I like the new Ulrich Schnauss album A Strangely Isolated Place (or rather, reissued, forthcoming on Domino). I do. But there's something bothering me about it as well. Listen to track 5, "Clear Day." Those overdriven strings and chords buried deep in the mix -- you've heard them somewhere before, haven't you? Let's not be coy: it's My Bloody Valentine all over again, and when he pulls out the detuned drone, seesawing in and out of key, there's no mistaking the source. The strategy is essentially the same as the one that Dykehouse followed on his new album -- take classic shoegaze sounds, and cover them the way you'd cover a song. It's a kind of pastiche driven by a laptopper's ego: "It took Kevin Shields et al a massive studio to put this sound together; I bet I can do it with a G4." And in many ways the laptoppers are right.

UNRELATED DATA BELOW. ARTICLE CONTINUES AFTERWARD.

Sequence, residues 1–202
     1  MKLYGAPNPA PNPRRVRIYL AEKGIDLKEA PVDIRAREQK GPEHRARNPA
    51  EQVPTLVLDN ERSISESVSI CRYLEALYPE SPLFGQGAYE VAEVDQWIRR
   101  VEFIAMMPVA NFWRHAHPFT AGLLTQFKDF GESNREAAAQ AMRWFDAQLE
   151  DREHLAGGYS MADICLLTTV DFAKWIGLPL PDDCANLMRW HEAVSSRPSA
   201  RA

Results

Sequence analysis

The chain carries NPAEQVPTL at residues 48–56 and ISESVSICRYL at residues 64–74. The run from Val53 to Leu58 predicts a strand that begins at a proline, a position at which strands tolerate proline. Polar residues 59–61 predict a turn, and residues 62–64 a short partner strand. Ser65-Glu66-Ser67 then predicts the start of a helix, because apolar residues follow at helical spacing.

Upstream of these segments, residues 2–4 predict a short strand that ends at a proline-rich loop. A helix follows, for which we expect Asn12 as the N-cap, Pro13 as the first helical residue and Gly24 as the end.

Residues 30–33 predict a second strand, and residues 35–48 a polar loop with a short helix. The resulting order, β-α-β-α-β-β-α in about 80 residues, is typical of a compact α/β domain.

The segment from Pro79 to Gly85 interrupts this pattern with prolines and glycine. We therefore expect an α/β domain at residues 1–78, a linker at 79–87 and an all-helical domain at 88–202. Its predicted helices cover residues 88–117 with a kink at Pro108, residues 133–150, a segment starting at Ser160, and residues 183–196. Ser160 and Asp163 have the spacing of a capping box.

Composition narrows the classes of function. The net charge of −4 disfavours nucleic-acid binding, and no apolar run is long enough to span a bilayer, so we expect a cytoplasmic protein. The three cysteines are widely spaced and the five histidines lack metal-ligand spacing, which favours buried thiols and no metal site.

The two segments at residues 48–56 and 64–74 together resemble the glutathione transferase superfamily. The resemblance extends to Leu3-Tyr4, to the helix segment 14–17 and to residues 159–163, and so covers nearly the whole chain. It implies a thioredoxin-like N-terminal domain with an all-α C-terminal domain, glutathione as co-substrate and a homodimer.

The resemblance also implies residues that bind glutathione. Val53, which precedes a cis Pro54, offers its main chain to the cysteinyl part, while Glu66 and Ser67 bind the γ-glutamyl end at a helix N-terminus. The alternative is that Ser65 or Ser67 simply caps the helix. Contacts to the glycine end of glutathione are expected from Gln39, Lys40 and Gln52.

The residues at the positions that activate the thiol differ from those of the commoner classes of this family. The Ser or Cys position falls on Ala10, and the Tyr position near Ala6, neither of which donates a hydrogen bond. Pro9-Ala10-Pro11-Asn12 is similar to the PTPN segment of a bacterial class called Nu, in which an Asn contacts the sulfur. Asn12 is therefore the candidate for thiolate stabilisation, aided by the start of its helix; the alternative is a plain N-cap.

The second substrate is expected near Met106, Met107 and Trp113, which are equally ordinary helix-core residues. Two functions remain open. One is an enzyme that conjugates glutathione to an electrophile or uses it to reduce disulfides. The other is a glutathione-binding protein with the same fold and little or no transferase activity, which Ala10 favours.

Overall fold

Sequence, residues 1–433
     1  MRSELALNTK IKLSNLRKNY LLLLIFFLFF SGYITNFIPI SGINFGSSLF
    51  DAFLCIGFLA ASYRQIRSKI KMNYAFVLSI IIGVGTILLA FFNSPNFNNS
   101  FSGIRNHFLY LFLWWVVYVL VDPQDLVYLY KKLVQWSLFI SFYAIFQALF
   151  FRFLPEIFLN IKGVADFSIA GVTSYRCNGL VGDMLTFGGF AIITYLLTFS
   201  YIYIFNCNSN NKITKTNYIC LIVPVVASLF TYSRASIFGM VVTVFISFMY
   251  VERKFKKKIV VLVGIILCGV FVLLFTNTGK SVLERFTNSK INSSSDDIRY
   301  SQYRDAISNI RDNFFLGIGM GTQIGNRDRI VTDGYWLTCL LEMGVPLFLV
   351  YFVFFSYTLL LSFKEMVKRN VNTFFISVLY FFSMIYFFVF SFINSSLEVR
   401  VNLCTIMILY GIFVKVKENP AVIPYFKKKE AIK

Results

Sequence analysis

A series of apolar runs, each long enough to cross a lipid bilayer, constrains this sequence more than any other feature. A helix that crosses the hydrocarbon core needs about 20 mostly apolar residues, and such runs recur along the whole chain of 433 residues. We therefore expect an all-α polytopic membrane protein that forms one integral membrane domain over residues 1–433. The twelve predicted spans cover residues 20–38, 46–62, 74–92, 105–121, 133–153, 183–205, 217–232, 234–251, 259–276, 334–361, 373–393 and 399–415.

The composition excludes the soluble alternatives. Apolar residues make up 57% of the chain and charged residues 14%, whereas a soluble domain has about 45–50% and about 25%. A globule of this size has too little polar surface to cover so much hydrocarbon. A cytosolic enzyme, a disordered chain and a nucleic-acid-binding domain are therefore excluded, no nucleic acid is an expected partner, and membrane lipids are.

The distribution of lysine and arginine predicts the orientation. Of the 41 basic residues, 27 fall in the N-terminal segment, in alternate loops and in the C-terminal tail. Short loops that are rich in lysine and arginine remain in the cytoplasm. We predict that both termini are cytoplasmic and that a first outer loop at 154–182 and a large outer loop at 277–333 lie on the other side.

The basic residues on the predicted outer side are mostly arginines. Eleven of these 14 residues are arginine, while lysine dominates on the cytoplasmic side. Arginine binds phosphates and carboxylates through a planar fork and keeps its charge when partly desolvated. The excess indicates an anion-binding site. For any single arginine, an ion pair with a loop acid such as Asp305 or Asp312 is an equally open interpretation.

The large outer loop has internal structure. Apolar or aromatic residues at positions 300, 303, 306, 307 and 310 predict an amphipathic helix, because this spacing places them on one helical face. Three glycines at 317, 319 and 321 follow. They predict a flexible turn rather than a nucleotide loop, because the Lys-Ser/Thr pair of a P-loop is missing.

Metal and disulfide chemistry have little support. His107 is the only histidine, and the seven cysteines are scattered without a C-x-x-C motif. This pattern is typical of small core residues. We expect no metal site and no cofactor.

But something in me cries out: is this all there is?

Culture revisits the past, this much I know. After a spate of blazing forward, it will periodically slip into a loop, returning to recent aesthetics and picking up room tones the way Lucier's voice does in his loop composition par excellence, I Am Sitting in a Room. We've been looping for a while now across multiple genres -- rock, electronic listening music, house, techno, electro -- and it seems like we've got the recent past pretty much covered. Garage rock? Check. Acid house? Check. Shoegaze? Check, and check. (Grunge is still coming, of course.)

Are we exhausted? Out of ideas? Have digital musicians pushed the software as far as they can, discovering that rippling glitches are a dead end, and that the only way to go forward is to move back to the discarded songforms and stylistic signatures of recent movements?